For those of us paying attention, February wasn’t that cold. Or wet. Still, El Niño hasn’t forgotten Los Angeles, at least not yet.
Many scientists have been talking about the potential dangers the current El Niño weather pattern could deliver to the west coast. Bill Patzert, NASA’s top climatologist doesn’t sugar coat the threat: “The El Niño warm pool, directly south of Southern California, is two and a half times the size of the continental United States. This is immense, and it’s had a huge, punishing impact in continents all around the planet. Suffering droughts in South Africa, floods in South America, much of Southeast Asia is in a punishing, very costly drought. There’s really isn’t any place on the planet that doesn’t have the fingerprint of El Niño on it.”
But, what about the rain?
January was a bit wetter than “normal.” February was drier – in fact, some cities such as San Diego had the warmest February on record. Combined, the two months saw rainfall the was “average” for the State. That’s better than the past four years, but it hasn’t been what people have been expecting.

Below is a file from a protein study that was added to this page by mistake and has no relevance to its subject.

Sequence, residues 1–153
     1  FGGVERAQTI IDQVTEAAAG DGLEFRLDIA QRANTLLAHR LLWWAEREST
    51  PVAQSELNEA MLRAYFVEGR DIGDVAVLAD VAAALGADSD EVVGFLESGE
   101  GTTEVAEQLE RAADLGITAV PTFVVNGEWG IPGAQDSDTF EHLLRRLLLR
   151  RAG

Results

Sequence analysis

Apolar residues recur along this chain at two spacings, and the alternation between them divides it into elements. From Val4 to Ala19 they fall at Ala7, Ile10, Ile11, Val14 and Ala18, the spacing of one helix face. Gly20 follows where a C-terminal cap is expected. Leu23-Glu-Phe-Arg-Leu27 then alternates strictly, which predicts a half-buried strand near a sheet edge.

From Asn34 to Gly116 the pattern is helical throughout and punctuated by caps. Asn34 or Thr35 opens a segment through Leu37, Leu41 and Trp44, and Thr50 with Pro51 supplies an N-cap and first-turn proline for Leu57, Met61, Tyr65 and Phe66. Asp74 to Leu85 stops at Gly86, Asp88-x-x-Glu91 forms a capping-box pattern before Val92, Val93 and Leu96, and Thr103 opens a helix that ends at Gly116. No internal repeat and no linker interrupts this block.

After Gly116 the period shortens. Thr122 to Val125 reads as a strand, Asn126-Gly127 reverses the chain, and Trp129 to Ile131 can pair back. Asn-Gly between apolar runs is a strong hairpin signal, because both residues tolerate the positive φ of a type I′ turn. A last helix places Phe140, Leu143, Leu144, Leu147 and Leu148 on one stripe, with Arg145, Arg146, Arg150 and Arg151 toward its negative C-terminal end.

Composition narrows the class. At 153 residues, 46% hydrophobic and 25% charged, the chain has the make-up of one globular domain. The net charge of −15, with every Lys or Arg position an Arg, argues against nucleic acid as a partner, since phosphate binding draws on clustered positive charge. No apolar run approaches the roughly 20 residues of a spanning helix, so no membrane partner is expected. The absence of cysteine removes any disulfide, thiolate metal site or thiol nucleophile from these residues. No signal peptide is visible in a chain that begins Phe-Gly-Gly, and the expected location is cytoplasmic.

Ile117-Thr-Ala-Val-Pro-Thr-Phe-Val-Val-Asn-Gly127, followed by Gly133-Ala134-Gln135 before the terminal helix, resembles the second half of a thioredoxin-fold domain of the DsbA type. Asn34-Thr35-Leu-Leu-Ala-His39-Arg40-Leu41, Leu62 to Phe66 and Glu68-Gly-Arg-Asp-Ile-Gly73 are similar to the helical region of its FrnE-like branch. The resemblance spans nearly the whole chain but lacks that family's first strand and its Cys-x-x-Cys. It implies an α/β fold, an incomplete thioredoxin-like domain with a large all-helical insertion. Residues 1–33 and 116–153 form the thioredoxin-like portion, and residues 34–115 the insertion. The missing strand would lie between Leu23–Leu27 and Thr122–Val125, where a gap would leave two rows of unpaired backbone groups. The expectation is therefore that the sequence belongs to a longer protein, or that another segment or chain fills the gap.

Scientists say a dome of high pressure has kept the El Niño storm track well to the north, helping build vital snowpacks in the Sierra Nevada and elsewhere in West but leaving the southern half of the Golden State mostly hot and very dry.
This coming weekend may see only the third real rainy episode so far in 2016. It could be a dangerous storm. One of the misconceptions about El Niño is that it means continuous rain. It doesn’t mean daily rain. It doesn’t mean weekly rain. It means that the El Niño warm pool could push dangerous storms over the coast of California. The National Weather Service believes this is the start of a potentially rainy March, but that might only mean five or six days of wet weather. The danger is that too much water falls during those days – leading to floods, mudslides, and other threats to our typically sunny Southern California existence.
According to the NWS, the first round of rain will begin to move onshore over parts of the Pacific Northwest and northern and central California by Friday evening. More rounds of rain are likely to follow Sunday and into next week.
Enough rain may fall in the coming days to improve the serious drought conditions across the state, according to AccuWeather. As of Thursday’s U.S. Drought Monitor, about 95% of California remains in a drought, the highest percentage of any U.S. state.
MySafe:LA and the Los Angeles Fire Department want to remind you that it’s better to be prepared for bad weather, than to be caught out and be impacted by mudslides, flooding, or other consequences of serious rainfall. Remember, every fire station in the City of Los Angeles has sandbags. A number of fire stations have sand as well. Check the LAFD website for additional information.